Revitalizing Campus’ Natural Habitat

Revitalizing Campus’ Natural Habitat

There are lots of ways to make a lasting mark at the College. You can start a club, make a financial gift, or propose a Plenary resolution. And on Oct. 7, some students, faculty, staff, and local community members came together to help contribute to its physical endowment.

In order to help rebuild the natural watershed—the ridge that divides flowing water from the land—of the Duck Pond’s stream bank, the Haverford College Arboretum led a team of volunteers in planting dozens of native trees and plants.

“What a wonderful opportunity to leave a lasting legacy at Haverford College.” said Sara Ozawa ’18, one of the student participants.

The College partnered with the Pennsylvania Horticultural Society through the TreeVitalize Watersheds Grant Program to restore part of the stream bank. That restoration, which is focused on an area of roughly 150 feet on either side of the stream, includes removing invasive species of plants and trees and replanting hardy, native trees, and plants that thrive in wet environments to ensure the future health of the Duck Pond as well as the Darby Creek watershed.

The seed for this project was planted when current Arboretum Director Claudia Kent and former Director Bill Astifan wrote a grant application for the TreeVitalize Watersheds Grant Program, which is focused on tree planting along stream corridors, headwaters, and stormwater basins in southeastern Pa. (The Pennsylvania Department of Environmental Protection is the main source of funding for this grant, in addition to Aqua PA and other partners.)

“The program is part of the Pennsylvania Plant One Million program, whose goal is to plant over one million new trees.” said Daniel Larkins, the new Arboretum program coordinator. “The tree planting date on October 7 was the culmination of the Arboretum’s efforts to not only successfully obtain the grant, but also perform outreach, prepare the site, and research how to best restore it. 78 trees and shrubs—including a variety of dogwoods, oaks, gums, magnolias, sycamores, redbuds, birches, and willows, Virginia sweetspire, inkberry, spicebush, and arrowwood—were planted. The planting occurred in what’s known as a riparian zone. These native plants were chosen because they are known for preventing soil erosion and protecting watersheds. Native plants help boost ecosystem productivity through biodiversity.”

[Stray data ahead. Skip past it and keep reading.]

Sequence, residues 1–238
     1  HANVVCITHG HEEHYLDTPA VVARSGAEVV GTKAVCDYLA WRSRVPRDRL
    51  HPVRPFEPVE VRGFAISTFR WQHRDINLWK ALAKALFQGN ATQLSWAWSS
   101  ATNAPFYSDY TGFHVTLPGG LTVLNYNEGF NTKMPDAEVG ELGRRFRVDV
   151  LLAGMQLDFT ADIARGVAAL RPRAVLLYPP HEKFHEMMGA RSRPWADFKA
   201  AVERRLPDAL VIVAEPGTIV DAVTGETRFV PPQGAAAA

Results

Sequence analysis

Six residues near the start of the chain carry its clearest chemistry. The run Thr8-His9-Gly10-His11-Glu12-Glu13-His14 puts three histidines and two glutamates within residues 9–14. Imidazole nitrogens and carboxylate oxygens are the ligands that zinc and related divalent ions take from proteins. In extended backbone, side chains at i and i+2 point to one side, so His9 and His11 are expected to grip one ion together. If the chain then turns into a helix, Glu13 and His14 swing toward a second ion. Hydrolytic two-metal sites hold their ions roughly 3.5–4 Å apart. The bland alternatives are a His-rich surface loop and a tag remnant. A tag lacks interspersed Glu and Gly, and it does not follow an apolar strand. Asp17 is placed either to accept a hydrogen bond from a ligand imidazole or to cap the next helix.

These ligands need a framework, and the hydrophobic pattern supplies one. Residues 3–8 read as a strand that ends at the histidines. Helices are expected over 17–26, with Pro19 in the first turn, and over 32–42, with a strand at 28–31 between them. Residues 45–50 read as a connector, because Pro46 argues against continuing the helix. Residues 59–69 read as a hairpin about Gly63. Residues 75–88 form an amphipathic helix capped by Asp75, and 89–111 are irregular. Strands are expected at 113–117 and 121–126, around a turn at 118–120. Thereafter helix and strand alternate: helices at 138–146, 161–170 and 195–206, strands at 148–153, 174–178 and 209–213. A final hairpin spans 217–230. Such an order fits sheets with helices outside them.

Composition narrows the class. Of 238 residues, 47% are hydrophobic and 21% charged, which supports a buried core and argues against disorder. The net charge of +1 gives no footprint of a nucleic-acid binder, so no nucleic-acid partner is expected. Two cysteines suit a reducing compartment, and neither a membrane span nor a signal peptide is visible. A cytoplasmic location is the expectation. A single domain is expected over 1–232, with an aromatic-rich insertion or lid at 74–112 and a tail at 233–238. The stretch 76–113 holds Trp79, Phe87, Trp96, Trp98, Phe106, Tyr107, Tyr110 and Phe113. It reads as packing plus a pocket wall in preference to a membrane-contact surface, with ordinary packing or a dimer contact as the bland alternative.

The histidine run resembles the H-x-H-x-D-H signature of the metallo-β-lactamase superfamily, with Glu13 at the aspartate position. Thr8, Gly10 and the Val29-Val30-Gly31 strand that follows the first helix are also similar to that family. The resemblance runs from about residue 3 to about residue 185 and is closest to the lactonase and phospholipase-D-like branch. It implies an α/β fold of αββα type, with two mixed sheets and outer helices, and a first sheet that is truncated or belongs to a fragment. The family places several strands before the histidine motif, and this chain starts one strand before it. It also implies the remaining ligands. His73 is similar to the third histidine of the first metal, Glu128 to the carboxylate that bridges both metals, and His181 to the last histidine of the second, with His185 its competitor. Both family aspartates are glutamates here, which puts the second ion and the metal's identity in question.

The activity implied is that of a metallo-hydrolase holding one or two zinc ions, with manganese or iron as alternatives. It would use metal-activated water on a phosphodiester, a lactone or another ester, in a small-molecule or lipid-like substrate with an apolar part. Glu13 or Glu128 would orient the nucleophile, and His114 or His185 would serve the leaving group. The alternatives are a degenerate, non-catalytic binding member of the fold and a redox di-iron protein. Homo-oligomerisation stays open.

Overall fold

“I love trees!” said Brandon Sickel ’18 during a break from mulching during the volunteer event. “I’m enjoying planting new trees, helping restore this stream bank, and hanging outside, enjoying our campus. Working for the Arboretum is the favorite part of my day.”

“Thanks to great turnout from students and the community, the event was a great success,” said Larkins of the event. “The weather was fine and it was fun to meet so many new people. The Arboretum gets thousands of visitors each year. It is unique in its diverse, growing collection, but also in its free, public accessibility.” (More after the gallery.)

For those that missed the tree planting, fear not, the Arboretum has a packed month ahead.

“In the next 30 days, we are having a pumpkin carving on Oct. 25, a night hike on Oct. 26, and we are starting a Nature Book Club on Nov. 3, which will run the first Friday of every month and will meet at 7 p.m. in the Woodside Cottage Meditation Room. Our first book will be The Hidden Life of Trees,” said Larkins.

He has big plans for Arboretum events beyond the fall, too, including outdoor yoga in the spring, a Tri-Co bike tour, farm-to-table dinners with the Haverfarm, a foraging walk, and a return of the popular garden and tree tours in the spring and summer.

“We will have a busy year full of fun activities for students, faculty, staff, and the community,” said Larkins. “We are going to have plantings and plant sales. We are going to create a Volunteer Trail Crew to help protect our valuable natural resources. We are going to host a ‘Philosophy of the Environmental’ panel discussion in April. We are also hosting an Interfaith Discussion on Sustainability and Climate Change.”

Photos by Sarah Jennings ’21.

2 Comments

  1. I always loved being on campus with my Father, many years ago, and later when my daughter, Katharine Westfall ’99, was a student. I enjoyed the variety of trees and plants in the arboretum, especially in the spring. Thank you for your continuing care of this unique space.

  2. The outreach programs led by Dan Larkins are a wonderful and, excuse the pun, natural way for Haverford to connect with the larger community given that so many of these folks currently use the nature trail. Looking forward to more opportunities to help the arboretum in a hands-on fashion.

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